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Wednesday, September 18, 2019

Dottie Janson: The Woman with the Girl Next Door Voice

Photos and article by Connie Springer

“I definitely have an inner ham,” confesses Oakley resident Dottie Janson, who left the corporate world after several decades to become a voice actor and improv comedian. 

Voice actors are unseen narrators who interpret and articulate someone else’s words. The range of work possibilities for this profession is far-reaching, with voice actors used in films, documentaries, trailers, TV programs, commercials, radio or audio dramas, video games, audiobooks, awards shows, phone messages, announcements, GPS, promos, corporate narration, museum tours and exhibits, e-learning and training, and podcasts - and the list goes on.

Janson got into voice acting on a whim. She had moved to Cincinnati after graduating from Purdue University in 1983 to work in I.T. for Procter & Gamble. After a long career, she was outsourced to IBM and, while still working, in 2007 enrolled in a 2-hour Communiversity class in voice acting given by Voices for All, a New York-based educational group.

Working in her soundproof studio space
Unexpectedly, she soon was contacted by Voices for All, urging her to take a master’s class and praising her for her “believable and trustworthy-sounding voice.” Feeling she needed a pursuit to have lined up for retirement, Janson signed up.  Three months after she took the class, she was laid off from IBM.

Continuing to work consulting jobs, she used her severance money to establish her voice acting business.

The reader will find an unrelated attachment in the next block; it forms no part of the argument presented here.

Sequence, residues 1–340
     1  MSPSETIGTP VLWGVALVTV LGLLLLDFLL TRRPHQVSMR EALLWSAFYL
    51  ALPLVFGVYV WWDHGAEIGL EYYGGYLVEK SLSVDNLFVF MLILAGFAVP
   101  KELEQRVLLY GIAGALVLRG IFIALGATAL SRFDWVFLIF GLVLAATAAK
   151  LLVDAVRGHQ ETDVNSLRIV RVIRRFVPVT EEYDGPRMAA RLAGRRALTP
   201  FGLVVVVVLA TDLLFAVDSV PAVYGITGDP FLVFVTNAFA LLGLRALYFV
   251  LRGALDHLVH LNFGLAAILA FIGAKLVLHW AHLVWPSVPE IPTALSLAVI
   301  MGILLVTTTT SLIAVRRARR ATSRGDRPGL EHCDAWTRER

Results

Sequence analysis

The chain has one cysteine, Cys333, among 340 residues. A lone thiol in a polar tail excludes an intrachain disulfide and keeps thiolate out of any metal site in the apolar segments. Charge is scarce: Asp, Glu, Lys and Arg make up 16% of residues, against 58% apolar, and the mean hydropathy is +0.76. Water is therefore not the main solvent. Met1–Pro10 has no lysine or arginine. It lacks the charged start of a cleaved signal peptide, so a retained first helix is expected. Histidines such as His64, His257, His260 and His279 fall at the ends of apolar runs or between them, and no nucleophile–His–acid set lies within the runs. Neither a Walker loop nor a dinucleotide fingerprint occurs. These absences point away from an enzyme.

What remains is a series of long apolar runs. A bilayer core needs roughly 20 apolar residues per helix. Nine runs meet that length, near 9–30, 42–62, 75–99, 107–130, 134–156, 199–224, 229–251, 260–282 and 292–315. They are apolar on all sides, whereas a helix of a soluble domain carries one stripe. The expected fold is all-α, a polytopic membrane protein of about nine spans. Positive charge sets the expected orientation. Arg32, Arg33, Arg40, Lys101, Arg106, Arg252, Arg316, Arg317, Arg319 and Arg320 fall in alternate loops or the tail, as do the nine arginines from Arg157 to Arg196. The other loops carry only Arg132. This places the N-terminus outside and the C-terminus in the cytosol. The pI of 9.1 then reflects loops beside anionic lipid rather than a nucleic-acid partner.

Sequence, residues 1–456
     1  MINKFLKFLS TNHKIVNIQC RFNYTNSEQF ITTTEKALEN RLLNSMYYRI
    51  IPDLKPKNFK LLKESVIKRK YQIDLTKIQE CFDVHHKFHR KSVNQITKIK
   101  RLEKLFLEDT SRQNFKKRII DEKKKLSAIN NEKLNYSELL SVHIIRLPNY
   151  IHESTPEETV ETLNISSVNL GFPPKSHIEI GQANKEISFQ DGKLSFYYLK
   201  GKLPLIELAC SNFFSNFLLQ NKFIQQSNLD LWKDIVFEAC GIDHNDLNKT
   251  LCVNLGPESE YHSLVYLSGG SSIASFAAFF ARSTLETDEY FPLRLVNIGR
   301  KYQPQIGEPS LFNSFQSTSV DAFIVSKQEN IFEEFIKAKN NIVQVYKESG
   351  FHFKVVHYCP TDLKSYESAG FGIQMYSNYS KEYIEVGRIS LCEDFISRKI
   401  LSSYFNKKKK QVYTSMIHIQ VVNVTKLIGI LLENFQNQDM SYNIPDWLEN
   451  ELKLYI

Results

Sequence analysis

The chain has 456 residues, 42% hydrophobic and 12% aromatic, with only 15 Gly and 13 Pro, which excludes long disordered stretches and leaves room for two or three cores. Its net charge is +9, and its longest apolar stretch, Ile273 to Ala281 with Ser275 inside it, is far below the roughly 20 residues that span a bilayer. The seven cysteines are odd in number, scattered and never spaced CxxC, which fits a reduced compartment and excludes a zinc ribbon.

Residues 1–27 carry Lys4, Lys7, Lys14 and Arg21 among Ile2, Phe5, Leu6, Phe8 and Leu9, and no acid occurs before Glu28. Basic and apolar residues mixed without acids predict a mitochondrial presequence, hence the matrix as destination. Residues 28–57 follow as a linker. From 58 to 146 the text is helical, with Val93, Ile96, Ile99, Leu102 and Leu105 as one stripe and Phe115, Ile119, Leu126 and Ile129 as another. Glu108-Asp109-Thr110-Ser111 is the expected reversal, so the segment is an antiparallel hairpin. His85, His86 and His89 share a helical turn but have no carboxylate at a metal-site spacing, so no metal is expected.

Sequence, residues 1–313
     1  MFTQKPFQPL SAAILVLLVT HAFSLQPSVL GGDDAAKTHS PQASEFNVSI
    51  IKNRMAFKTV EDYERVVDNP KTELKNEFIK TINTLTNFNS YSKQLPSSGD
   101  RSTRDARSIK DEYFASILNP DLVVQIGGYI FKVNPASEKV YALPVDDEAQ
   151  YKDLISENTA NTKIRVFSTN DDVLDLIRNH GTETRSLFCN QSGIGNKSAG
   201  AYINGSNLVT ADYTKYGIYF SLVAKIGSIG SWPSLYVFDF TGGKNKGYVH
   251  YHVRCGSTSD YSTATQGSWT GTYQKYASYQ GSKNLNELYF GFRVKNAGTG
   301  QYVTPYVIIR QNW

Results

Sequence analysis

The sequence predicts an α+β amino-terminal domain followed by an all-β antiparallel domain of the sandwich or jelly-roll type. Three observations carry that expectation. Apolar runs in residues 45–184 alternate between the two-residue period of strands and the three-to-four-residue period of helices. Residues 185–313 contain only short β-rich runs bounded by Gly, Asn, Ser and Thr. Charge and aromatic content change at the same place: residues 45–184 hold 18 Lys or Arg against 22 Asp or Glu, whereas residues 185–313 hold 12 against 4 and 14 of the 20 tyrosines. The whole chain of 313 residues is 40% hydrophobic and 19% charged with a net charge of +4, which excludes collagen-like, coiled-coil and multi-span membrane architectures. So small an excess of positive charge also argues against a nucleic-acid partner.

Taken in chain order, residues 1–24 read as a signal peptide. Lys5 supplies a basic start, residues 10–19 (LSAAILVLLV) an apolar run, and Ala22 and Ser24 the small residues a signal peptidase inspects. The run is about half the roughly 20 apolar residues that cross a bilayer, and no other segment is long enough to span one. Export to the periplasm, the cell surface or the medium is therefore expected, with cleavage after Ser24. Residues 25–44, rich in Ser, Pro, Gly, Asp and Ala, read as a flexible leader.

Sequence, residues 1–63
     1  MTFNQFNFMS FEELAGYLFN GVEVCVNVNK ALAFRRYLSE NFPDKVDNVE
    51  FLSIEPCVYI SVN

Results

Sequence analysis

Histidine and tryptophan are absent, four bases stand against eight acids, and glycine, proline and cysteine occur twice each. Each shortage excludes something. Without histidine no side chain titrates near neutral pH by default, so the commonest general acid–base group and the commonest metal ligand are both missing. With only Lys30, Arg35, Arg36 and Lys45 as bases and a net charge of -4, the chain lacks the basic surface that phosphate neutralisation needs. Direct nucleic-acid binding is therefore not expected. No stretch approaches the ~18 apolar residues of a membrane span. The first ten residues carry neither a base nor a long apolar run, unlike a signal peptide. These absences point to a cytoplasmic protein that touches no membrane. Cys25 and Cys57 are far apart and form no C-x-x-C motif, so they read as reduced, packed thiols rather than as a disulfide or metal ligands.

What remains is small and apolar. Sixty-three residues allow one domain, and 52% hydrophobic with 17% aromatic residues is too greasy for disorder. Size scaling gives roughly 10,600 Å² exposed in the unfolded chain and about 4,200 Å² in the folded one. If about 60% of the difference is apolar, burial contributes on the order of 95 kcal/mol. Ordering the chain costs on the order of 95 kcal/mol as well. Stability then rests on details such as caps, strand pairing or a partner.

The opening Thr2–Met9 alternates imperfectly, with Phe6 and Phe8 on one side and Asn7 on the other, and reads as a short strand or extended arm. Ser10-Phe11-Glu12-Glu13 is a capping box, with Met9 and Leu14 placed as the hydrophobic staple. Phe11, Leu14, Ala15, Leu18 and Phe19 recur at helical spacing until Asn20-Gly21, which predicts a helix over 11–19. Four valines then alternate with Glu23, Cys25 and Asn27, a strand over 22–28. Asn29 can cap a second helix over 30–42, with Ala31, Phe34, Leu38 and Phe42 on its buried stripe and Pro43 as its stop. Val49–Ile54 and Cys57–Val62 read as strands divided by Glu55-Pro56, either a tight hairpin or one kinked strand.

“There was a huge learning curve in figuring out how to manage a voice acting business,” Janson says. She worked hard at improving her voice acting skills, building a studio, creating a website, and networking for jobs. Fortunately, Voices for All gave detailed plans for every step, including telling her what setup and software she needed for her home studio and giving her tips on industry trends and marketing. 

By 2010 she opened up her business, Conversational Voiceovers ( Her first opportunity in voice acting came when Dr. Eric Eiselt from the Mt. Lookout Chiropractic & Sports Injury Center hired her to voice the telephone message for on-hold callers. The chiropractic practice is still a regular client. Soon after her first job, she got work for a radio station and then for a home care business doing training video narration.

Janson describes her voice as appealing and natural, that of “the girl next door,” augmented by her top-notch pronunciation and articulation. Janson’s gigs have included perinatal and neonatal e-learning narration for a nursing association, commercials (Drees Homes, Infiniti of Chattanooga, LasikPlus, and Cincinnati Regional Tourism Network, to name a few), telephony and explanatory videos.